Tuesday, 23 August 2011

Top Ten Tuesday: Ten Books I Loved But Never Wrote A Review For

Top Ten Tuesday is an original feature/weekly meme created at The Broke and the Bookish.

1. Mockingjay by Suzanne Collins - I spent 3 hours or so trying to write a review for this and gave up. I still can't decide whether I liked it or not. Incredibly powerful book but I go up and down over whether the ending was amazing or amazingly bad. Still, anything to get me thinking that hard should probably be reviewed.

2. Never Let Me Go by Kazuo Ishiguro - I read this about 3 years ago and it was absolutely incredible. I want to review it but would need to reread it first to make sure I did it justice. Anyone who wants a really thoughtful dystopian should try this one.

3. Hey Dollface by Deborah Hautzig - A stunning story of two girls trying to figure out in just what way they like each other. Short but unbelievably powerful for its length. Hautzig's Second Star To The Right, on the subject of eating disorders, is also wonderful.

4. Thirteen Reasons Why by Jay Asher - Read this just before I started blogging, maybe a couple of months before. I think if I'd read it just that few months later I'd definitely have reviewed it. Incredible book, completely devastating in parts. Couldn't honestly say I enjoyed it, due to the subject matter, but a very powerful read.

5. Chalet School series by Elinor M Brent-Dyer - The one series I grew up reading again and again. I loved these at the time but find some of them hard to read now; especially with the quality rather tailing off towards the end. Having said that, some of the early ones - notably The Chalet School in Exile - rank amongst the very best of children's fiction prior to the YA boom, in my opinion.

6. Shadow of the Wind by Carlos Ruiz Zafon - Astounding. I read this on recommendation from one of my year 11's who claimed it was the most beautifully written book of all time. I'm not sure I'd go quite that far, but it wouldn't be out of my top 5. As a sign of how good this is, I read Zafon's The Angel's Game, which would probably make it into my top 20 of all time, and was actually disappointed with it because it pales in comparison with Shadow.

7. Funland by Richard Laymon - Have never really enjoyed horror much, but went through a spell about 15 years ago of reading everything by Laymon I could get my hands on. This tale of the youths of a town standing up to the homeless people they see as threats, with things getting out of control very quickly, is classic RL - scholocky, crazy, and wonderfully entertaining.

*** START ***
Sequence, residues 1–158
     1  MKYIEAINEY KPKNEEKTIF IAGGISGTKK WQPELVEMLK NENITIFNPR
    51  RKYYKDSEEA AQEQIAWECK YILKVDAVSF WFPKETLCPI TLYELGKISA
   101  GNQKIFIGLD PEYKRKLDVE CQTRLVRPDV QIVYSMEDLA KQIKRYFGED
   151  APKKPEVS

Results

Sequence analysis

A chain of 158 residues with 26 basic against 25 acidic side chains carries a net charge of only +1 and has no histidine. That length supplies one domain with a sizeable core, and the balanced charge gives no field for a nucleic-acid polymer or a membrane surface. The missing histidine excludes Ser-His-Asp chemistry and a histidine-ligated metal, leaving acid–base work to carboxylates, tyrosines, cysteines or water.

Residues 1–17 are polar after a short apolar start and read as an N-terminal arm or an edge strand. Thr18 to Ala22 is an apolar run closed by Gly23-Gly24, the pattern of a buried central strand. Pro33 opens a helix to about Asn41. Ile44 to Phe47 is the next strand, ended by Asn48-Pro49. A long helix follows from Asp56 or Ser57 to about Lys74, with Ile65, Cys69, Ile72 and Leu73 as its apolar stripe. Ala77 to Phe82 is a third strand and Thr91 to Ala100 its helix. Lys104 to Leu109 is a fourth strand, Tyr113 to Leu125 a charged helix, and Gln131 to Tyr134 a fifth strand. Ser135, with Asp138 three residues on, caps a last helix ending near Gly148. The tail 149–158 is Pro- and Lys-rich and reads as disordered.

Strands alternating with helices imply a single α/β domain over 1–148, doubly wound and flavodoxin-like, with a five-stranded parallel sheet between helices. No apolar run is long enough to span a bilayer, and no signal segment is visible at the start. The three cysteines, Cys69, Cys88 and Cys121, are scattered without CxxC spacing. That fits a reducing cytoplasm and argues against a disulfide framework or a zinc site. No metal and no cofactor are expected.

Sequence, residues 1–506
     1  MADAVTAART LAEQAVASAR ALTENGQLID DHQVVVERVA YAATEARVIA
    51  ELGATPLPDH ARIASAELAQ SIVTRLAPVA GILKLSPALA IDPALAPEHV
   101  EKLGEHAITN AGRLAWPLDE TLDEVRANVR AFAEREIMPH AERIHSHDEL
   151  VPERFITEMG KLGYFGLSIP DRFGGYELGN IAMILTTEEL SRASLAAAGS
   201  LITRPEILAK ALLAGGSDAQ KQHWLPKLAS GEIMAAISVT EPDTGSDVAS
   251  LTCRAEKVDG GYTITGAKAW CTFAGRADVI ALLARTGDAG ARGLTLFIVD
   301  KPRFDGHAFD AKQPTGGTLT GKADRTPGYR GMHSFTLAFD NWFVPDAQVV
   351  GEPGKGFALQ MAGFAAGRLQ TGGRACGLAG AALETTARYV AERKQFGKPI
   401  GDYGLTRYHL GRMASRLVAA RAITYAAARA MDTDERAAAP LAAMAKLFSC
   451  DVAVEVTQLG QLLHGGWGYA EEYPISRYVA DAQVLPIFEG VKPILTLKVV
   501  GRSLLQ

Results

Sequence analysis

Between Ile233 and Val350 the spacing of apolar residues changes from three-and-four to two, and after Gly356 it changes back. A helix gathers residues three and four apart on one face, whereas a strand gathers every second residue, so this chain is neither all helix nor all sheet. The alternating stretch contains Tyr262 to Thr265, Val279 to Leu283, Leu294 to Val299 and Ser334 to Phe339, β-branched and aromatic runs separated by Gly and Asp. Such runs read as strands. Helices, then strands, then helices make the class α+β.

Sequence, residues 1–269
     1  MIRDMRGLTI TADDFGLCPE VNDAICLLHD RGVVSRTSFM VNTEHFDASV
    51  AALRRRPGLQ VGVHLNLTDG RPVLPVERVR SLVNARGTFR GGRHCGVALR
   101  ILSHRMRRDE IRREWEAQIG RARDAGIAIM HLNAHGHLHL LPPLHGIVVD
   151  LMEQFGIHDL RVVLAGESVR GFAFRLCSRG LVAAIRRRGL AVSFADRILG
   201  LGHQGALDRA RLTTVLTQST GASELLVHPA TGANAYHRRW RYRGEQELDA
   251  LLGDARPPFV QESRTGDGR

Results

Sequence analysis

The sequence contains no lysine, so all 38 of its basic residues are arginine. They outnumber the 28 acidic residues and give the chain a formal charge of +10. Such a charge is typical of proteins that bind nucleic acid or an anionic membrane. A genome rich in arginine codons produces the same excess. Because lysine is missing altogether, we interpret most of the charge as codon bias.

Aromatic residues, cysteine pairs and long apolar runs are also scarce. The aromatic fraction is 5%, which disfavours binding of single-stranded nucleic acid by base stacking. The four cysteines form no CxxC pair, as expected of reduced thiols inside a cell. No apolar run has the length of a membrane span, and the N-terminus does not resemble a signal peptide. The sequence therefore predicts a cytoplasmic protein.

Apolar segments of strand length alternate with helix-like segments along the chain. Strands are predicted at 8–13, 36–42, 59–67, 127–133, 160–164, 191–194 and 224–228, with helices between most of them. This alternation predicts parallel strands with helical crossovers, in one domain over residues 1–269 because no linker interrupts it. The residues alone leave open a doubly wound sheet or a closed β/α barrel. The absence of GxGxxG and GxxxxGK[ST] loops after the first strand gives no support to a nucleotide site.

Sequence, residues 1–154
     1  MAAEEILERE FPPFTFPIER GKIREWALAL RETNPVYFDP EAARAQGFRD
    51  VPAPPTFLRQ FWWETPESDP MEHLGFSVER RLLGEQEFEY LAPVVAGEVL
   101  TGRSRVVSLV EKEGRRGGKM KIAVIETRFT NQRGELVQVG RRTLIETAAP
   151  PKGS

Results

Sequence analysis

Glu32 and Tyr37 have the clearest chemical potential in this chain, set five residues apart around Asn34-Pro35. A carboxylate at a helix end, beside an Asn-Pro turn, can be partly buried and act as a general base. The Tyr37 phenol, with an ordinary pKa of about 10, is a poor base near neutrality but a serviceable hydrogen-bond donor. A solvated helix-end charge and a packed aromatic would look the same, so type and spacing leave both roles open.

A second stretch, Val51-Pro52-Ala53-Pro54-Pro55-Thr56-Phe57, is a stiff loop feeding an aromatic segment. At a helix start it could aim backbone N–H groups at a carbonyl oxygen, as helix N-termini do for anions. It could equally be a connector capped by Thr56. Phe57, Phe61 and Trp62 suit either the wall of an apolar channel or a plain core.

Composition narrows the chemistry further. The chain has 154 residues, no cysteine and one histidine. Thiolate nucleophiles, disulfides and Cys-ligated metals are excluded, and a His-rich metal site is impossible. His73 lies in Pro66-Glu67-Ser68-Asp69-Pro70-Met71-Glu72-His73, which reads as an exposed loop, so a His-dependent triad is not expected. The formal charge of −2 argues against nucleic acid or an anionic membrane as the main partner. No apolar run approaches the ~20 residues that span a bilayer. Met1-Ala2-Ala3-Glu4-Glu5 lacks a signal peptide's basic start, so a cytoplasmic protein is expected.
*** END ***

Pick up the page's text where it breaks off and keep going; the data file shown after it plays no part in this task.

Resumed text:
8. The Chocolate War by Robert Cormier - My English teacher at school recommended Robert Cormier to me and I tried four or five of his books, finding them either woeful or wonderful. This was definitely wonderful and unflinching in its portrayal of bullying and mob rule in a private Catholic school in America. The sequel is nearly as brilliant.

9. To Kill A Mockingbird by Harper Lee - The only book I studied at school that I actually liked; that said I liked it so much that it made up for all of the rest. A true classic with one of the greatest heroes of all time in narrator Scout's father Atticus, and a wonderfully evocative portrait of small town America. Southern Gothic at its absolute finest.

10. Jennings series by Anthony Buckeridge - While I probably read the Chalet School series more when growing up, these hold a special place in my heart because they're my dad's favourite books and he used to read them to me all the time. Colossally funny even all these years later, I still enjoy rereading them and was incredibly pleased when I tracked down a signed copy of one for my dad's birthday last year.

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